What Should You Know About The FHA Loan?
The FHA loan is a mortgage that is government-backed and is issued by the FHA (Federal Housing Administration). It is very popular among the first-time homebuyers and requires only minimum credit score or down payments when compared to conventional loans. The government is actively insuring the loan but it is mortgage lenders that are FHA-approved that offer it. The regular terms for the FHA loan are 15 and 30 years.
FHA Loans – How Do They Work?
The flexible underwriting standards of the FHA allow the borrower that has a low income and bad credit score to still become a homeowner. The only real catch is that FHA mortgage insurance needs to be paid. This is what covers the lender from losses appearing due to loan defaults. Usually, this extra requirement is mandatory if under 20% of the home value is put down.
All the FHA loans require borrowers to pay 2 insurance premiums:
- Upfront premium – 1.75% of the full loan amount. This needs to be paid when the loan is obtained and can be rolled into a financed loan amount.
- Annual premium – Between 0.45% and 1.05%, based on the loan term. This is the initial LTV (loan-to-value) ratio and is divided so it is paid every single month.
As an example, when you borrow $100,000, the upfront premium is $1,750. The annual premium ranges between $450 and $1050, based on the term.
In most cases, an FHA mortgage insurance premium cannot be canceled. You can remove it only through refinancing happening through a loan that is non-FHA or when the property is sold. FHA loans are very popular among the first-time homebuyers and those that have moderate to low incomes. You can also get an FHA loan as a repeat buyer but only when what is bought is used as a primary residence.
The FHA lender can only charge up to 5% of the loan amount to cover closing costs. With the use of the FHA loan, lenders, builders, and home sellers pay up to 6% of the closing costs, like appraisal fees, title search or credit report.
Qualifying For The FHA Loan
There are some strict lending guidelines that have to be respected by the borrower to become eligible for the FHA loan:
- The FICO score needs to be between 500 and 579 when a 10% down payment applies.
- The FICO score needs to be higher than 580 when the down payment percentage is 3.5.
- A verifiable employment history that covers at least the past 2 years.
- The loan is used in order to buy a primary residence.
- Income can be verified through federal tax returns, bank statements and pay stubs.
- An FHA-approved appraiser appraises the property (HUD property guidelines need to be met).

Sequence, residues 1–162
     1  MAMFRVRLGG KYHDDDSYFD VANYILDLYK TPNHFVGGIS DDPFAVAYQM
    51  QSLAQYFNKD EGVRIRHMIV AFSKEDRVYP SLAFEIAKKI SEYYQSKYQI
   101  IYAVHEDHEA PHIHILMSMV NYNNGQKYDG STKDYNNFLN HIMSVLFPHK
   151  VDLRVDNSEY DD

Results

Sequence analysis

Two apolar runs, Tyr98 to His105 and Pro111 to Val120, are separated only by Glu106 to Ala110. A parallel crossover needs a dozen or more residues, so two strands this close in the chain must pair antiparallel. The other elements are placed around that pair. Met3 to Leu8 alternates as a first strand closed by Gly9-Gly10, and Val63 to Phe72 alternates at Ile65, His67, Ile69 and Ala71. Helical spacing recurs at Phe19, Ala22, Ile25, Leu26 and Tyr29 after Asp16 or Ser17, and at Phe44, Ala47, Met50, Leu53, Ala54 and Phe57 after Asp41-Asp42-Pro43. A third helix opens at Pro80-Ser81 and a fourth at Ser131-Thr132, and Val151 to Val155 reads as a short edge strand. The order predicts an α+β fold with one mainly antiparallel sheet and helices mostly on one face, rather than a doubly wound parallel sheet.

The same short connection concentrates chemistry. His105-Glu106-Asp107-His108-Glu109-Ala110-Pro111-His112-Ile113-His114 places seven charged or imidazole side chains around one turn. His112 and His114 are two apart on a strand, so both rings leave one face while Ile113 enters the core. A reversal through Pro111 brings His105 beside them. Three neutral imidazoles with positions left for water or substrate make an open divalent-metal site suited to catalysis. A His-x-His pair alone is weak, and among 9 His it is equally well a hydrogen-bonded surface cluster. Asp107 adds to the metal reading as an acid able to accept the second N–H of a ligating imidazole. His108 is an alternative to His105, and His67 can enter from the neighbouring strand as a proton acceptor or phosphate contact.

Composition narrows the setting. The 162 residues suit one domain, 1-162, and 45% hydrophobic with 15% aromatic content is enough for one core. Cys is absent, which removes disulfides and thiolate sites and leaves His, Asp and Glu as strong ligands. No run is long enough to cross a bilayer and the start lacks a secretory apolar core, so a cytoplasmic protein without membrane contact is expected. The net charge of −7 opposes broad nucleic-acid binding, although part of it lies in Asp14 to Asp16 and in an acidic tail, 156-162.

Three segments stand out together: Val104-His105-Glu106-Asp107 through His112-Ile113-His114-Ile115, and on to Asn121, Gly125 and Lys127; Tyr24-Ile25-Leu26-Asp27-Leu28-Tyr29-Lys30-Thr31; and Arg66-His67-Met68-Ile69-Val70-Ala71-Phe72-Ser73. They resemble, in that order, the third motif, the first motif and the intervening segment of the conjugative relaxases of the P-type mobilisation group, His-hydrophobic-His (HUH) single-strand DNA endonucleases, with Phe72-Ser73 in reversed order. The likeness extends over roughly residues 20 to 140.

- Front-end debt ratio cannot exceed 31% of the monthly gross income.
- Back-end debt ratio cannot exceed 43% of the gross monthly income.
- When bankruptcy happened, you have to wait 1 to 2 years when applying.
- When a foreclosure happened, the waiting period is 3 years.
FHA Loan Types
The FHA insures different loan programs that are offered by the private lenders, not just the very popular FHA loan. All of these are great options for homebuyers and can be considered:
- FHA 203(k) Loans – These help to buy and renovate a home. A single mortgage is used and the program can be utilized to refinance existing mortgages. There are two options available, in the limited and the standard 203(k) loans.
- HECM (Home Equity Conversion Mortgage) – HECMs are very popular as they are reverse mortgage types that are insured by the FHA. Older homeowners that are over 62 years old and that have enough equity can use them, just like people that own a home and want to withdraw a part of its equity. The withdrawal amount varies and depends on different things.
- FHA EEM (Energy Efficient Mortgage) Program – When backed by the FHA, these mortgages allow the homebuyer to buy a property that is energy efficient. Alternatively, the loan can be used to remodel and buy older homes so that they become energy efficient.
- FHA Section 245(a) Loan – This loan is known as Graduated Payment Mortgage and is aimed at people that have an income that gradually increases. You thus start with a small monthly payment that will eventually go up. At the moment, there are 5 specific plans that are available, with payments that increase every single year between 2.5% and 7.5%.
Finding FHA Lenders
The borrower receives the home loan from an FHA-approved lender, not the FHA directly. The FHA only directly insures the loan. This is why different FHA-approved lenders have varying costs and rates, which applies even for the same exact loan.
You can get your FHA loans from many possible sources, ranging from very large banks to independent mortgage lenders. Services, underwriting standards, and costs all vary among mortgage brokers or lenders. This is why you need to always shop around so you find the best possible deal.
2020 FHA Loan Limits
In most parts of the US, the FHA loan floor limit for 2020 is $331,760. This is higher than in 2019 when the limit was $314,827. In the higher-cost areas, the top amount is $765,600. These are limits that are known in the industry as floors and ceilings. They mark how much the FHA is willing to insure. The limits are updated by the FHA every single year, all based on the changing home prices.
The law states that the FHA has to adjust amounts based on loan limits that are set by the FHFA (Federal Housing Finance Agency) for all conventional mortgages that are owned by or guaranteed by Freddie Mac and Fannie Mac. Floor and ceiling limits always vary based on living costs in specific areas. They can also be very different from one county to another. The areas that have really high living costs have very high limits. The opposite also applies. Some special exceptions apply for housing in Hawaii, the Virgin Islands, Guam, and Alaska. This is because home construction is much more expensive there.